The iron oxidation state in silicate melts is important for understanding their physical properties, although it is most often used to estimate the oxygen fugacity of magmatic systems. Often high spatial resolution analyses are required, yet the available techniques, such as μrXANES and μMössbauer, require synchrotron access. The flank method is an electron probe technique with the potential to measure Fe oxidation state at high spatial resolution but requires careful method development to reduce errors related to sample damage, especially for hydrous glasses. The intensity ratios derived from measurements on the flanks of FeLα and FeLβ X-rays (FeLβf/FeLαf) over a time interval (time-dependent ratio flank method) can be extrapolated to their initial values at the onset of analysis. We have developed and calibrated this new method using silicate glasses with a wide range of compositions (43–78 wt% SiO2, 0–10 wt% H2O, and 2–18 wt% FeOT, which is all Fe reported as FeO), including 68 glasses with known Fe oxidation state. The Fe oxidation state (Fe2+/FeT) of hydrous (0–4 wt% H2O) basaltic (43–56 wt% SiO2) and peralkaline (70–76 wt% SiO2) glasses with FeOT > 5 wt% can be quantified with a precision of ±0.03 (10 wt% FeOT and 0.5 Fe2+/FeT) and accuracy of ±0.1. We find basaltic and peralkaline glasses each require a different calibration curve and analysis at different spatial resolutions (~20 and ~60 μm diameter regions, respectively). A further 49 synthetic glasses were used to investigate the compositional controls on redox changes during electron beam irradiation, where we found that the direction of redox change is sensitive to glass composition. Anhydrous alkali-poor glasses become reduced during analysis, while hydrous and/or alkali-rich glasses become oxidized by the formation of magnetite nanolites identified using Raman spectroscopy. The rate of reduction is controlled by the initial oxidation state, whereas the rate of oxidation is controlled by SiO2, Fe, and H2O content.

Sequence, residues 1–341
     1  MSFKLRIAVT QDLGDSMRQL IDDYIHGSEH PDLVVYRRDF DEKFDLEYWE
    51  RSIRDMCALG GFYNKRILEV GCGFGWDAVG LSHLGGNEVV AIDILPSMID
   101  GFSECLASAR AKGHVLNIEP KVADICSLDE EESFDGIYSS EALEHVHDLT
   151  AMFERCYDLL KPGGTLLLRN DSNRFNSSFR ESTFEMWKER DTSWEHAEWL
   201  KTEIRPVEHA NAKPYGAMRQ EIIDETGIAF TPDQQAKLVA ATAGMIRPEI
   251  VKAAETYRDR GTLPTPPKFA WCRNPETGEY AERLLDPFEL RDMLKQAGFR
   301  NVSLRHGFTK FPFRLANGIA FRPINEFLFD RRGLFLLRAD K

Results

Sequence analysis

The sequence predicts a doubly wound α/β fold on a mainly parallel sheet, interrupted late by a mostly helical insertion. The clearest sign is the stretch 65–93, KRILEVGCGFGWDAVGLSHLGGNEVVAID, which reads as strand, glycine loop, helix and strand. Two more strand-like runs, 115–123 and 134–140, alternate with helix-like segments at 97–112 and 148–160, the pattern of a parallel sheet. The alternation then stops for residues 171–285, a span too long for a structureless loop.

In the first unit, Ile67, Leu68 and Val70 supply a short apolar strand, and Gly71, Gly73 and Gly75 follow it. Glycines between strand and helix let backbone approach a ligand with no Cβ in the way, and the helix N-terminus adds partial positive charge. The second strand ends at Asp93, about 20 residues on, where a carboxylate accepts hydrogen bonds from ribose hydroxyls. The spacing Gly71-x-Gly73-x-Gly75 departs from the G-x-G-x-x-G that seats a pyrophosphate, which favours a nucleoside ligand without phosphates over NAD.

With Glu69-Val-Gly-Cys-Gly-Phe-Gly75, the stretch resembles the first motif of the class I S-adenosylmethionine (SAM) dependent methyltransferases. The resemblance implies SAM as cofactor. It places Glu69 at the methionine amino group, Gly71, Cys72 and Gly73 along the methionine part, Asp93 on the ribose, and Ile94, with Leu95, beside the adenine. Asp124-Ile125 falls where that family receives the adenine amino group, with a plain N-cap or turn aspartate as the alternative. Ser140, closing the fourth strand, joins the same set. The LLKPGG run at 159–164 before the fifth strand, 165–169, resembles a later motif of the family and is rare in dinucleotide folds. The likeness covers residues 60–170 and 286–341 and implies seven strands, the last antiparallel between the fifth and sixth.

The concept that disease rooted principally in chronic aberrant constitutive and reactive activation of mast cells (MCs), without the gross MC neoplasia in mastocytosis, first emerged in the 1980s, but only in the last decade has recognition of “mast cell activation syndrome” (MCAS) grown significantly. Two principal proposals for diagnostic criteria have emerged. One, originally published in 2012, is labeled by its authors as a “consensus” (re-termed here as “consensus-1”). Another sizable contingent of investigators and practitioners favor a different approach (originally published in 2011, newly termed here as “consensus-2”), resembling “consensus-1” in some respects but differing in others, leading to substantial differences between these proposals in the numbers of patients qualifying for diagnosis (and thus treatment). Overdiagnosis by “consensus-2” criteria has potential to be problematic, but underdiagnosis by “consensus-1” criteria seems the far larger problem given (1) increasing appreciation that MCAS is prevalent (up to 17% of the general population), and (2) most MCAS patients, regardless of illness duration prior to diagnosis, can eventually identify treatment yielding sustained improvement. We analyze these proposals (and others) and suggest that, until careful research provides more definitive answers, diagnosis by either proposal is valid, reasonable, and helpful.